The authorized biography of Steve Jobs is a fascinating look at the perfectionist/genius who was not a very nice person to be around. I thoroughly enjoyed reading about the early days of Apple Computer (now called just Apple) as I have been a longtime fan of Apple products. But I was disappointed to learn how he treated people in his life--friends, coworkers, business associates, business rivals--even family members. Having been given away for adoption as an infant seemed to cast a sadness or longing over his early years. He did later unite with some birth family members--never his biological dad. His eating obsessions were interesting as were his hippie background and spiritual searches. An insightful look into what made the man tick.
The biological sister that Jobs discovered turned out to be Mona Simpson, a talented author and success in her own right. Talent must have just run in that family! Of course, I had to read one of her books. Anywhere But Here was Simpson's fictional novel seemingly based on her own mother's irresponsible rearing of her. It followed their life from Wisconsin to LA and the half-hearted attempt to get the daughter into show biz. It was quite a ride.
One of my favorite books from last year was Winter's Bone, a novel set in the Missouri Ozarks, rife with a mystery killing, meth users and a strong teenaged heroine who needs to discover what happened to her dad--while helping to raise her younger siblings. When I saw this book, The Outlaw Album, by the same author and set again in the Ozarks, well, I had to read it too. It is a series of short stories about people who do absolutely horrible things--but as always, there are two sides to every story. The stories really make one stop and think and consider people's choices in life, no matter how evil they may seem on the surface.
On a whim, I decided to download The Mill River Recluse, a book that had become a bestseller on Kindle. It was very different. The heroine is an elderly lady who is dying from cancer and the story relates her tragic life that led to her becoming a recluse. She became quite wealthy and secretly used her money to help the townspeople who had stories of their own.
I love novels that have a food element. A Homemade Life was a dandy! Molly Wizenberg recounts her life with family and food and how she decided to quit graduate school and go to Paris. It turned out that I had been reading her blog, Orangette, for a while and had not put two and two together!!!
Change of pace...two J. A. Jance mystery novels featuring J. P. Beaumont. Always good for some laughs and some thrills and some plot twists!
The Kite Runner was one of those highly acclaimed novels from a few years back that I never got around to reading. Thanks to Amazon's vast library of books for Kindle, it is easy to go back and catch up with some great books I missed first time around! I can see why The Kite Runner spent over five years on the NY Times bestseller list. It was a wonderful look at a culture I knew nothing about--Afghanistan at the time of the Soviet invasion. It is about two boys growing up in Kabul in the same house but with very different experiences. It is about love and friendship and betrayal and hope. Khaled Hosseini painted a very beautiful but stark picture.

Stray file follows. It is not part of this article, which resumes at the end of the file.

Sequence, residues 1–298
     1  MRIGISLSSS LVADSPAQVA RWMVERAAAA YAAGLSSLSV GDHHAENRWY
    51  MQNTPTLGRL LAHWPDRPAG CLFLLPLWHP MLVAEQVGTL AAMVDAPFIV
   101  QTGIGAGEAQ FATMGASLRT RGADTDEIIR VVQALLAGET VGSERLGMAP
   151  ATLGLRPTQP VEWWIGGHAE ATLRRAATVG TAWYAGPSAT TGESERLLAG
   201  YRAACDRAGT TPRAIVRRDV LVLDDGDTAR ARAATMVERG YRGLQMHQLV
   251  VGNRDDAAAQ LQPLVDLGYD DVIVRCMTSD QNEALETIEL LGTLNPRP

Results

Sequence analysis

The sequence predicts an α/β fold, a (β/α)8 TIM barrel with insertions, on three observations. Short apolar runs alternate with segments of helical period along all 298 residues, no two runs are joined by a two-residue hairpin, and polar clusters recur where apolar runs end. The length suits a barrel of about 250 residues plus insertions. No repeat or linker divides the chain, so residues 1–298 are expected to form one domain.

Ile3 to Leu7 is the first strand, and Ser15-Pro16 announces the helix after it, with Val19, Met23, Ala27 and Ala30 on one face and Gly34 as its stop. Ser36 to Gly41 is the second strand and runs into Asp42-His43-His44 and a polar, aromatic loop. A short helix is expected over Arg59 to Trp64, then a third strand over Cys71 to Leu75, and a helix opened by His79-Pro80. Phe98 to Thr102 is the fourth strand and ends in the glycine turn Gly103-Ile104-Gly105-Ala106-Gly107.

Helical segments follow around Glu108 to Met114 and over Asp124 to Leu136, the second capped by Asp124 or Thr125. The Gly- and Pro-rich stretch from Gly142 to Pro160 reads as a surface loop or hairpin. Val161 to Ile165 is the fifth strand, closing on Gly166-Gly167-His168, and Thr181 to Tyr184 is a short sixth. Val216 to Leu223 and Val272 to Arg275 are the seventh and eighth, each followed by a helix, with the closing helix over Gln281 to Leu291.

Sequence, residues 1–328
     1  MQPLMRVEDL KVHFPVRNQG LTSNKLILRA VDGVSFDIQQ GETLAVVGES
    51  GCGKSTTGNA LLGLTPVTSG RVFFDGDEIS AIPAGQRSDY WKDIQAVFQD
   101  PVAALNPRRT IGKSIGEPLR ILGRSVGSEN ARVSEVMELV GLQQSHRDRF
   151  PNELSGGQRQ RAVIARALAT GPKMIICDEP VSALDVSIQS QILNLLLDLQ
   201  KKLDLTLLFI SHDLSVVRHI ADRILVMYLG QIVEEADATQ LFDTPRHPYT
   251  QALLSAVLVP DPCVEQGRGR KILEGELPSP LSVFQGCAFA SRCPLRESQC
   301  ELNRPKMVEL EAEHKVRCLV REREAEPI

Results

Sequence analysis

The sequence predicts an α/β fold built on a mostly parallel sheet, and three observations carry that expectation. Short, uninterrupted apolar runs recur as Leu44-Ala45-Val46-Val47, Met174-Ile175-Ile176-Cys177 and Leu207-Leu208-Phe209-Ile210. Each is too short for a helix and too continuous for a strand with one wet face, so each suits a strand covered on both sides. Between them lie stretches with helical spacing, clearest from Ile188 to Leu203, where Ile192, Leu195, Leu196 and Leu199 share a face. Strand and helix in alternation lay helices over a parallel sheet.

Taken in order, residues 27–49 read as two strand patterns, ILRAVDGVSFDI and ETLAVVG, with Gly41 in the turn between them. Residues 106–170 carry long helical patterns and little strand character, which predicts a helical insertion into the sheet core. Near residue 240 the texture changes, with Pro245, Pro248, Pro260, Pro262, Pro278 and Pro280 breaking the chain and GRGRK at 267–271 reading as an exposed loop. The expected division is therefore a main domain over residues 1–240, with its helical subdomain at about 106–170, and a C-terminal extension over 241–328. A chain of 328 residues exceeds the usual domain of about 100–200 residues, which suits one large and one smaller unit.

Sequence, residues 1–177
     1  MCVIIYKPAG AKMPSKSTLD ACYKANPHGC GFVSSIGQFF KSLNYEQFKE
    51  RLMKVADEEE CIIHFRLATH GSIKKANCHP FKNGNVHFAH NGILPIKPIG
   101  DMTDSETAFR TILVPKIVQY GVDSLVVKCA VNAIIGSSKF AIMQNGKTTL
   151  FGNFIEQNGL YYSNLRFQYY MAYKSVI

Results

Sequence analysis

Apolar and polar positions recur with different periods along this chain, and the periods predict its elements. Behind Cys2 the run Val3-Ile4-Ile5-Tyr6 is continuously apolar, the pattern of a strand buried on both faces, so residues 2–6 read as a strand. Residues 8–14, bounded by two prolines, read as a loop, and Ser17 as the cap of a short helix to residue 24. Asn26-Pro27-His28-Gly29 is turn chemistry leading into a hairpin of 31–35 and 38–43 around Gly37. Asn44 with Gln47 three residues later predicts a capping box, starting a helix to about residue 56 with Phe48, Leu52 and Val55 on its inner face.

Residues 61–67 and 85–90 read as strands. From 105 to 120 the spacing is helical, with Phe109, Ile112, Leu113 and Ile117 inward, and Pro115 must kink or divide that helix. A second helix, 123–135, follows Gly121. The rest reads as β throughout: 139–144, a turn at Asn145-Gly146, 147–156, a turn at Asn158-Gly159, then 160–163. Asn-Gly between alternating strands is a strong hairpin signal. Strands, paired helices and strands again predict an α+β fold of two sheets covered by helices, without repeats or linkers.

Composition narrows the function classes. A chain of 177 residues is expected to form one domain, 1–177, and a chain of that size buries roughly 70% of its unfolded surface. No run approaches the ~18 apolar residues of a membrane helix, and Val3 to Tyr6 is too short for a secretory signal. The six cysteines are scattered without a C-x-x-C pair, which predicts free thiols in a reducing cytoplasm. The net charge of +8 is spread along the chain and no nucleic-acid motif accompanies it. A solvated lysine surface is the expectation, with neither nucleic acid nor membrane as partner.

Currently I am absorbed in John Grisham's newest legal romp, The Litigators. I have read a ton of Grisham's books and have found that he can usually keep me rapt. He did go through a period for a while where he got so bogged down with tangential information in his novels that I gave up on him for a while. Happily--I returned and am so glad I did. This book seems lighter and faster-paced. A burned-out lawyer joins a small ambulancing chasing, hospital haunting two-man team of injury case attorneys. The change of pace and lowering of salary leads to some interesting, tragic and comic experiences. Can't wait to finish it!
Tuesday, November 08, 2011
My sister and I have settled in to a nice pattern: she hosts the family Thanksgiving dinner and I have the Christmas dinner. We each bring items to the other's get-togethers. It works! The only regret I have every year is lack of leftovers. So... I sometimes make Thanksgiving Day wannabes the weekend after the fourth Thursday of November. A pumpkin pie here, a turkey breast there and my favorite dressing, Best Cornbread Dressing!
In a huge bowl combine a bag of Pepperidge Farm stuffing mix with a pan of cornbread, crumbled. Set aside. Saute 2 small chopped yellow onions and 4 or 5 stalks celery, chopped, till soft. Add a squirt of garlic paste (about 5 ") and saute a minute longer. Season with house seasoning (mine is Kosher salt, coarse black pepper, garlic powder and onion powder). Add to the bread mix and stir in about 6 cups unsalted chicken stock (or turkey stock if you can find it!). The mixture should be almost soupy. Stir in 2 beaten eggs. Spread into a sprayed 9x13 oven dish. Bake at 350 degrees uncovered for 20 minutes. Then cover with foil and bake another 25 minutes or until desired doneness is achieved.